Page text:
2

I am flying from USA to London England, then to Belfast Northern Ireland. My flight back to USA departs from Dublin, so to catch my flight I will cross the land border between Northern Ireland (UK) and Republic of Ireland, which is uncontrolled.

Like USA, I assume UK has records of people leaving via plane to track overstays, even if there is no physical exit control. Will my itinerary cause a problem with UK immigration because they have no record of how I left the country?

(my citizenship is USA)

2
  • 3
    This answer suggests you'll need to get an Irish entry stamp when you cross the NI border. Presumably they'll let the UK know that you've left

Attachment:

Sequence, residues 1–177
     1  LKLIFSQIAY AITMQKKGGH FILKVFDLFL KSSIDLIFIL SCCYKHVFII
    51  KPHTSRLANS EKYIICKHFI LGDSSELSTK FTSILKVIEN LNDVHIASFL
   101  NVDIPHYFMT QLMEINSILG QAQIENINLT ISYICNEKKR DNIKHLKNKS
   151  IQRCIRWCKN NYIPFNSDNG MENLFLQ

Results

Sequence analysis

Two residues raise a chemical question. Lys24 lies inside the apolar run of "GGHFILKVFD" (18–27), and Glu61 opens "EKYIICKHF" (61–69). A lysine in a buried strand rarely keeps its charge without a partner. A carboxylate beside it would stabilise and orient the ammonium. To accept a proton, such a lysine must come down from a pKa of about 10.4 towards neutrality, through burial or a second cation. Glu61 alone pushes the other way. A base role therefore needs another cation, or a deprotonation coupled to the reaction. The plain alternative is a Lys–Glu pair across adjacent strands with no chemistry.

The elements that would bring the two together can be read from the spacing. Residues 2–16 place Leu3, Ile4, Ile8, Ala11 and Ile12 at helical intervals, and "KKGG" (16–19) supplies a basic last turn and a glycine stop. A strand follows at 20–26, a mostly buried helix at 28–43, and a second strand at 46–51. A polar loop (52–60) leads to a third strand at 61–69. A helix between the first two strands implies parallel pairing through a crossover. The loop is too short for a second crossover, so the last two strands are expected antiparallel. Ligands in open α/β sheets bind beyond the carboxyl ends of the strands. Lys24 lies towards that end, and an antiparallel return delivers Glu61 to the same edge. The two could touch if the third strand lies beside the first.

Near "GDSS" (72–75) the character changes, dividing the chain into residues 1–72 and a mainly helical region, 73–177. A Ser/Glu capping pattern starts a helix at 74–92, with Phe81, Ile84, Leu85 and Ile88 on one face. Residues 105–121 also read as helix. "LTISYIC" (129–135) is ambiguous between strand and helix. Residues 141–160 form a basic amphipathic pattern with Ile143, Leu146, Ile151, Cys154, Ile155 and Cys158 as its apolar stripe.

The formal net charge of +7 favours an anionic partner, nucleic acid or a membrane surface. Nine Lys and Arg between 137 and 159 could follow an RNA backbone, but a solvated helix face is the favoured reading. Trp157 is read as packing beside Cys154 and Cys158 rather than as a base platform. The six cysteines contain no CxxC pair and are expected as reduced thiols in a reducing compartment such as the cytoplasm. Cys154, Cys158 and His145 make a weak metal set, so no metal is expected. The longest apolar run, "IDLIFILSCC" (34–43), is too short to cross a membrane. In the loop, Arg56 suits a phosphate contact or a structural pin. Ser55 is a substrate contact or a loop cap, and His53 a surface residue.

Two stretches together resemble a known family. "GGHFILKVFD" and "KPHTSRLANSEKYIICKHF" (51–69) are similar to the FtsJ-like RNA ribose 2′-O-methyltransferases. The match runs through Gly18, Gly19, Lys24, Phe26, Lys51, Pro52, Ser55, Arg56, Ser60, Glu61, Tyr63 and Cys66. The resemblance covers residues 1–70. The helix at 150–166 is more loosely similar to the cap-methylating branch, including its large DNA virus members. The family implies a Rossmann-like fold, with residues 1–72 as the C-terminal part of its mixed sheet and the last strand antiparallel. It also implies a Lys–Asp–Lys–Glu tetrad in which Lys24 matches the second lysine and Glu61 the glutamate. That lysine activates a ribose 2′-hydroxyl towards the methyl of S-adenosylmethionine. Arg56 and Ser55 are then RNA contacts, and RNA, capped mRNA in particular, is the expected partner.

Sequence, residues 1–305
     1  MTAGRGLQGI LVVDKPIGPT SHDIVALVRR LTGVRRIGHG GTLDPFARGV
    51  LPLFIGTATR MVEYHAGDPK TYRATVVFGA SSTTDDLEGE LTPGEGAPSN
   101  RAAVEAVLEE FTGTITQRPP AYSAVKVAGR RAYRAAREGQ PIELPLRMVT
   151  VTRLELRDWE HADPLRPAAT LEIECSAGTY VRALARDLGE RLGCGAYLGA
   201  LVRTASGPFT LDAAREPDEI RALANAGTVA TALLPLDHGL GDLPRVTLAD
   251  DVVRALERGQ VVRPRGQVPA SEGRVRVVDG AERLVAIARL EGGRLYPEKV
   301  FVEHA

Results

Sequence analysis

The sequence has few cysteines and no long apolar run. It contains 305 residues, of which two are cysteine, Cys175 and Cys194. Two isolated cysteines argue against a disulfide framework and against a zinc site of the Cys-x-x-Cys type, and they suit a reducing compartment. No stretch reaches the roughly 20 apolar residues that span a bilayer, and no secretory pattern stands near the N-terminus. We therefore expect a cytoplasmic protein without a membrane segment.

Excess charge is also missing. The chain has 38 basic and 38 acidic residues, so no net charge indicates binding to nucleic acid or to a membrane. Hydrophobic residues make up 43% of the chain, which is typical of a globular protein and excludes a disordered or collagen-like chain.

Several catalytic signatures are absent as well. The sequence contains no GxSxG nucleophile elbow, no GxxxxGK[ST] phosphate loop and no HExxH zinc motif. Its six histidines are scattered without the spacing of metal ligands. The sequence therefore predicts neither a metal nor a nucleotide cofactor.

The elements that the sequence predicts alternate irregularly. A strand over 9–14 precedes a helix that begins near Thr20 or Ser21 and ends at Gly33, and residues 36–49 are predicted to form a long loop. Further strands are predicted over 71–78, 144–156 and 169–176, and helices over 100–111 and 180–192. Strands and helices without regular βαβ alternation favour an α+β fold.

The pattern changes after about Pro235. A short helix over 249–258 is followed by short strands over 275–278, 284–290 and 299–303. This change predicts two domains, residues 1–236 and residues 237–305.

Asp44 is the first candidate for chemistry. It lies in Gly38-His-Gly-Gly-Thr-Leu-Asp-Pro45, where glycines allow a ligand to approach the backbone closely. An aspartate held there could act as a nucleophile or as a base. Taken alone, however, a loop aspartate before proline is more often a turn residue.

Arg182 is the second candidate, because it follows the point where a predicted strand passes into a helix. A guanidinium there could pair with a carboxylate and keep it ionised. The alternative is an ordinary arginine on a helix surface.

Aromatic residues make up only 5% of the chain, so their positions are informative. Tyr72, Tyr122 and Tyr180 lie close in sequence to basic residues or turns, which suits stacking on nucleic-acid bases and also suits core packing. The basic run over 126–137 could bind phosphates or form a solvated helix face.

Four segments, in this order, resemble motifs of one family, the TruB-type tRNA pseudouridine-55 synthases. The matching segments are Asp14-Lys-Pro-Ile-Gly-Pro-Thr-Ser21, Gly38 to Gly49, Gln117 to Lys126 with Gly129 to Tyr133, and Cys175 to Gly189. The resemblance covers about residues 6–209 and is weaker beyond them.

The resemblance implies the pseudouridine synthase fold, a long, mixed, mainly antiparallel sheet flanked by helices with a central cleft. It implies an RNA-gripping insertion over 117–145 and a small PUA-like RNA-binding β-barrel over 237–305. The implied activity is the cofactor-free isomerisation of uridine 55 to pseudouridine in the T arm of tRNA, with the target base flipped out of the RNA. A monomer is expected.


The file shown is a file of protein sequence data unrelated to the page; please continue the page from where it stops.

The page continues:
– molypot
    May 18, 2022 at 2:34
  • 1
    Ireland and the UK share immigration data, so UK will know when you've left the CTA.
    – miken32
    May 20, 2022 at 19:37

1 Answer 1

3

I don't think it should be an issue when you leave. The common travel area allows both Ireland and the UK to share information whenever people enter and leave the area.

You must log in to answer this question.

Not the answer you're looking for? Browse other questions tagged .